Adult spinal opioid receptor 1 expression after incision is altered by early life repetitive tactile and noxious procedures in rats

Nynke J. van den Hoogen*, Roel R. I. van Reij, Jacob Patijn, Dick Tibboel, Elbert A. J. Joosten

*Corresponding author for this work

Research output: Contribution to journalArticleAcademicpeer-review

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Abstract

Clinical and experimental data suggests that noxious stimulation at critical stages of development results in long-term changes on nociceptive processing in later life. Here, we use an established, well-documented rat model of repetitive noxious procedures closely mimicking the clinical situation in the NICU. In order to understand molecular changes underlying the long-term consequences of repetitive stimulation of the developing nociceptive system the present study aims to analyze the presence of the mu-opioid-receptor-1 (OPRM1). Neonatal rats received either four needle pricks per day in the left hind-paw from postnatal day 0-7 as a model of procedural pain in infancy. Control pups were handled in the same way but were instead tactile stimulated, or were left undisturbed. At the age of 8 weeks, all animals received an ipsilateral hind-paw incision as a model for post-operative pain, and mechanical sensitivity was tested at multiple time-points. Before, and 1 or 5 days post-incision, spinal cord tissue was collected for immunostaining of opioid receptor OPRM1. Semi-quantitative immunocytochemical analysis of superficial laminae in lumbar spinal dorsal horn revealed that: (1) early life repetitive tactile or noxious procedures do not alter baseline levels of OPRM1 staining intensity and (2) early life repetitive tactile or noxious procedures lead to a decrease in OPRM1 staining intensity 5 days after incision in adulthood compared to undisturbed controls. We conclude that early life repetitive tactile or noxious procedures affect the intensity of OPRM1-immunoreactivity in the lumbar superficial spinal cord dorsal horn after adulthood injury, without affecting baseline intensity. (c) 2018 The Authors. Developmental Neurobiology Published by Wiley Periodicals, Inc. Develop Neurobiol 78: 417-426, 2018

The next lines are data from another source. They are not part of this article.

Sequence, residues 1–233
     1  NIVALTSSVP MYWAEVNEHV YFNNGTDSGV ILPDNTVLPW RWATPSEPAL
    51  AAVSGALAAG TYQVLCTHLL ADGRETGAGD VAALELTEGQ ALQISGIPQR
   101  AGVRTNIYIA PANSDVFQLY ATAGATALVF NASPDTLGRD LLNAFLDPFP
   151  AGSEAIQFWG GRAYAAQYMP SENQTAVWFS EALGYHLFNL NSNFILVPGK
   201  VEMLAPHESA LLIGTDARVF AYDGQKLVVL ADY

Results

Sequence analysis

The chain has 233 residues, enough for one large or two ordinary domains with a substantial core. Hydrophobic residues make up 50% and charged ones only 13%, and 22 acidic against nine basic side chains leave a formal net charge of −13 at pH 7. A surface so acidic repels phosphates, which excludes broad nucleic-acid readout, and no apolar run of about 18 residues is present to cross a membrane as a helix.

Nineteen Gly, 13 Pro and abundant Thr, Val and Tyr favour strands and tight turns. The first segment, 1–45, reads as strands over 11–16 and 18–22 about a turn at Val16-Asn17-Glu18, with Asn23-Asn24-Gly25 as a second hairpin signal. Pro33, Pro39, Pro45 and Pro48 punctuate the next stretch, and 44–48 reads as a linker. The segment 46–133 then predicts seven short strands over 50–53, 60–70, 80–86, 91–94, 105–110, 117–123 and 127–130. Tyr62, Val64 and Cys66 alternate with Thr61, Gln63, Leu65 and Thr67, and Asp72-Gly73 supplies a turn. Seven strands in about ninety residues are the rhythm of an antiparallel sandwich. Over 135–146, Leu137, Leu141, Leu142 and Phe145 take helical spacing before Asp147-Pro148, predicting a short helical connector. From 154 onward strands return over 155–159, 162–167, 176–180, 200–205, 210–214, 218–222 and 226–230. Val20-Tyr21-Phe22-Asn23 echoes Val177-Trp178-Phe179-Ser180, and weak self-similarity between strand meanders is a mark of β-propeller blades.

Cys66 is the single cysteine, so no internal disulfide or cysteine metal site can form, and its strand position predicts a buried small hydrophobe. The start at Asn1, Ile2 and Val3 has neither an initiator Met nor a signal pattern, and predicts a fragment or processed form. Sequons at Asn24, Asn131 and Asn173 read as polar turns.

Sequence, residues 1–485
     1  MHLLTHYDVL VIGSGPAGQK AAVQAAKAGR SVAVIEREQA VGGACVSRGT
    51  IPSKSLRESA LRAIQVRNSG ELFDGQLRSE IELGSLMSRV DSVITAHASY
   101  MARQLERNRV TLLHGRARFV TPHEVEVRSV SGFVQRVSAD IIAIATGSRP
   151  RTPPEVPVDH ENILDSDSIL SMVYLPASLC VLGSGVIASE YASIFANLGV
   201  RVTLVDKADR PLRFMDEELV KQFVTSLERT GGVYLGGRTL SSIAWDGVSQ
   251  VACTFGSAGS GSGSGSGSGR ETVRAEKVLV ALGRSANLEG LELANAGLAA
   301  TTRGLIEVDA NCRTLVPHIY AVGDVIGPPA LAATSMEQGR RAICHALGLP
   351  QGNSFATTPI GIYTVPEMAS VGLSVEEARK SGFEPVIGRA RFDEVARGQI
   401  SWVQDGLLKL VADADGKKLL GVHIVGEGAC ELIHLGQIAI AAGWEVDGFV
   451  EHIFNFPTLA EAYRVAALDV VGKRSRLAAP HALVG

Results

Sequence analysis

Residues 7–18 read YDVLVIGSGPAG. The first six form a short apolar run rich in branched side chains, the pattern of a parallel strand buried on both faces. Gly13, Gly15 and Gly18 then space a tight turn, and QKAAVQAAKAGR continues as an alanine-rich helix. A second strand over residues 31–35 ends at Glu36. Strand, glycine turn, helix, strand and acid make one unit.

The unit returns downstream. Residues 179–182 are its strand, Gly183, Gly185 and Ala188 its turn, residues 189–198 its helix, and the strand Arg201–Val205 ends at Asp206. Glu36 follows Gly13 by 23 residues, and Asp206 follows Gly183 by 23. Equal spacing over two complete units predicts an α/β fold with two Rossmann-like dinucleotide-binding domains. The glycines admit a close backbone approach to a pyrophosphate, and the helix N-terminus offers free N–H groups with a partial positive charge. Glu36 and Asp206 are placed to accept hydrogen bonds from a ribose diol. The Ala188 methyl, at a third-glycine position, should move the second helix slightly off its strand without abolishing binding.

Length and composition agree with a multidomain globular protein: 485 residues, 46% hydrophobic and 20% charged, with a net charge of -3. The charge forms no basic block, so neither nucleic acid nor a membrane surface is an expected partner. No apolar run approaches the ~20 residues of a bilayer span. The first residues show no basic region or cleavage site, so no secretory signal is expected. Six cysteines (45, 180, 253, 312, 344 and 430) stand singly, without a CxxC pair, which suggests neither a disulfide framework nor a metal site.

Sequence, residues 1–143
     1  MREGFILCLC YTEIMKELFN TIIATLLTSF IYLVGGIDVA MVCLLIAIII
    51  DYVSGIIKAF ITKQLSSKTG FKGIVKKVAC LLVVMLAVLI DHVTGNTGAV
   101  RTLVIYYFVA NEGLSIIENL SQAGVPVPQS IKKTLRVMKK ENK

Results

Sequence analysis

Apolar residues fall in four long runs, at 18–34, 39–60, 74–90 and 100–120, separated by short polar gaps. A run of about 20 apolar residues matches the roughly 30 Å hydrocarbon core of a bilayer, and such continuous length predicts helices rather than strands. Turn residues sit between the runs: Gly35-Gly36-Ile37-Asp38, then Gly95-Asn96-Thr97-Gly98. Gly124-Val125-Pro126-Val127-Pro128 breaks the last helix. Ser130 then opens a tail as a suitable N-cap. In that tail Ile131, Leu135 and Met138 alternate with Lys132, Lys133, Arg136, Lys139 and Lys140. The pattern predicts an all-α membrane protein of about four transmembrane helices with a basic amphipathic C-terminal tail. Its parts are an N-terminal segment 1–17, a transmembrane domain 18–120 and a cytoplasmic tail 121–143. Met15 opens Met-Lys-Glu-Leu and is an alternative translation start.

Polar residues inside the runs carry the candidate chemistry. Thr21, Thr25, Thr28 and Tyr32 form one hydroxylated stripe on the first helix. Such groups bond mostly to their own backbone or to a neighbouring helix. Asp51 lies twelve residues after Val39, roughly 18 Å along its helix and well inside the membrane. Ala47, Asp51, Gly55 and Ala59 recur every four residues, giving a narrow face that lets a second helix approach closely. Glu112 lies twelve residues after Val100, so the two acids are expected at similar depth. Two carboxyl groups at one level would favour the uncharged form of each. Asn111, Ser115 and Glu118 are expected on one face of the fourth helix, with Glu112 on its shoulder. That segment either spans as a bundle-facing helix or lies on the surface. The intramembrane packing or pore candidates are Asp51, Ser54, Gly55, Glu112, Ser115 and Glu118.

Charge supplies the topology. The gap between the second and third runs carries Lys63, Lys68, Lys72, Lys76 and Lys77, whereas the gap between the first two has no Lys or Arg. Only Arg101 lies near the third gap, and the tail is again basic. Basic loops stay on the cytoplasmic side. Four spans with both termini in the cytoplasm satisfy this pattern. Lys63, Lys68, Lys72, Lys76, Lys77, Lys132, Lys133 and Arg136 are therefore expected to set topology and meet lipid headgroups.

Original languageEnglish
Pages (from-to)417-426
Number of pages10
JournalDevelopmental neurobiology
Volume78
Issue number4
DOIs
Publication statusPublished - 1 Apr 2018

Keywords

  • neonate
  • spinal cord
  • procedural pain
  • post-operative pain
  • opioid receptor
  • MORPHINE ANALGESIA
  • POSTOPERATIVE PAIN
  • FEMALE RATS
  • INFLAMMATION
  • CORD
  • CONSEQUENCES
  • PLASTICITY
  • ALLODYNIA
  • PATHWAYS
  • EXPOSURE

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